Effects of cow dung manure on some physical And chemical properties on saline - sodic soils in Kiboko Makueni district (Kenya)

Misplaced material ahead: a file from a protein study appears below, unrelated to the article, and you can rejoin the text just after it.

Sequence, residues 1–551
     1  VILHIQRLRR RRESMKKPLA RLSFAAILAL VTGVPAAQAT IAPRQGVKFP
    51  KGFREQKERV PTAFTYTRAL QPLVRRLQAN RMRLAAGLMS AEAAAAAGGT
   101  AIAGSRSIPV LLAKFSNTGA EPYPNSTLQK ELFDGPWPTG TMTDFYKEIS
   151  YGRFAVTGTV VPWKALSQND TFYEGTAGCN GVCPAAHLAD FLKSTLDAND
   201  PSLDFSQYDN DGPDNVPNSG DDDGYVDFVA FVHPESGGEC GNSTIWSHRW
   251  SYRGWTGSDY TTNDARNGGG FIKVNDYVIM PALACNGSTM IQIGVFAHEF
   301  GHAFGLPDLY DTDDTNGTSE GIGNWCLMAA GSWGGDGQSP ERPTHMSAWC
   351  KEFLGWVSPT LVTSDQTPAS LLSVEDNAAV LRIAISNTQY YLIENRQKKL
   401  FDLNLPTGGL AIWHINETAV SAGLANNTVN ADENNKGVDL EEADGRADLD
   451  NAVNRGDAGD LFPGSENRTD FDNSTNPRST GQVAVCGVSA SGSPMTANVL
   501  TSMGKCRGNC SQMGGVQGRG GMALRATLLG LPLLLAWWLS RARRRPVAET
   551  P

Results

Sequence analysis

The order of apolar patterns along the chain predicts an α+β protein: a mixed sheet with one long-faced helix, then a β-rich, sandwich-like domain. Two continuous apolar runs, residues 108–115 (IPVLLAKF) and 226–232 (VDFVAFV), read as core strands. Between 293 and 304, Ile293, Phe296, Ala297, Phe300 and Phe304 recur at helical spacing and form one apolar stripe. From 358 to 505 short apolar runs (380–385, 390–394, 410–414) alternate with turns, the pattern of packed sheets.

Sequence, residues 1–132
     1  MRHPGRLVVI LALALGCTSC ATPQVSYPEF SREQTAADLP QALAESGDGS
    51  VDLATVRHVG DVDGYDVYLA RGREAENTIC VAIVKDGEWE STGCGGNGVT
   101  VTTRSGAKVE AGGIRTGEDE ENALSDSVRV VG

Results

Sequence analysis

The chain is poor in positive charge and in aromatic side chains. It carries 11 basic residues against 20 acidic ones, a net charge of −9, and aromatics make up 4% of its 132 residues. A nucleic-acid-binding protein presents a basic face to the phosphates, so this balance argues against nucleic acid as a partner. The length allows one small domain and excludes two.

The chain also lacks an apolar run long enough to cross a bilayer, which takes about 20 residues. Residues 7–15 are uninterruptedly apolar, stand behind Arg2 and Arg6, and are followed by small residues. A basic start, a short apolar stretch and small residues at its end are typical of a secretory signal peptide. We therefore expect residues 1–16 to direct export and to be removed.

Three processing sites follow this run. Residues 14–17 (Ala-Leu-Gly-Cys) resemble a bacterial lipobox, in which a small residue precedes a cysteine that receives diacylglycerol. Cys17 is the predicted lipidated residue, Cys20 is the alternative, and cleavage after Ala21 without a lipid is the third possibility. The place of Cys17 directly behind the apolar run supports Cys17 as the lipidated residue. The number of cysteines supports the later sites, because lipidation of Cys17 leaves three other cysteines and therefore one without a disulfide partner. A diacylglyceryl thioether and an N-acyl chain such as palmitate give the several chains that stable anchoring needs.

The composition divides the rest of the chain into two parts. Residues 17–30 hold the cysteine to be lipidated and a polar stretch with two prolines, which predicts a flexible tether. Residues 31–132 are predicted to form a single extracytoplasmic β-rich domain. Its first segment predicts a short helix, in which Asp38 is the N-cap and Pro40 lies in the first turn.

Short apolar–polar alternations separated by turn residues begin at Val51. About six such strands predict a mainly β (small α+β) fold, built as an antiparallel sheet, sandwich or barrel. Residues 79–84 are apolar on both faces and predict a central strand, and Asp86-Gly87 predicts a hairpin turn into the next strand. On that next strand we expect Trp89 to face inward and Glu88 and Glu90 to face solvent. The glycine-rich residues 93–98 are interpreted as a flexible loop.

The effect of cow dung manure on some physical and chemical properties of salinesodic soils in Kiboko, Makueni district were examined. Two soil types, namely, chromo- haplic Lixisols for site 1 and mollic and sodic Solonchaks for site 2 were selected in two different farms. Within each farm, 15 plots each measuring 5 x 5 m were treated with different levels of cow dung manure (0, 10, 20, 30 and 40 tonnes/ha) in three replicates. After 18 weeks of application of cow dung manure, soil samples were taken from the top two horizons for physical and chemical analysis. In addition, water samples used for irrigation were analyzed to determine their chemical characteristics and their suitability for irrigation. At site 1, there was little evidence of improving the physical and chemical properties of the soil ,notably, bulk density, antecedent moisture content, organic carbon, soil pH, EC, CEC, % total N, ESP and SAR when compared with the control. However, after the application of 40 tonnes /ha there was significant difference in aggregate stability (P::; 0.05) among the treatments and the two top horizons when compared with the control. Similarly Ksat significantly improved (P::;0.05) after the application of 20 and 40 tonnes ha-l. The highest final infiltration rate was obtained from the plots which received 20 tonnes /ha of cow dung manure. This was significantlydifferent (P::; 0.01) from the control. At site 2, there were significant improvements in aggregate stability, infiltration rate and available water. In the two top horizons, aggregates stability improved with increasing rate of cow dung manure. There were significant differences in aggregate stability among the treatments (p::;0.01) when compared with the control. After the application of30 tonnes/ha the final infiltration rate were significantly different (psO.05) from the control, while other physical and chemical parameters improved slightly. The irrigation water from the boreholes in the two sites fall under very high saline class (EC= 4.08 and 5.10 dSm-1 at 2Stpc for site 1 and 2 respectively) and low to medium sodium hazard (SARadj=lS.27 and 11.92 for site 1 and 2 respectively). The Kiboko river, which was also used in site 2, falls under medium saline class (EC= 2.04dSm-1 at 2S0c) and low sodium hazard (SARadj=3.92).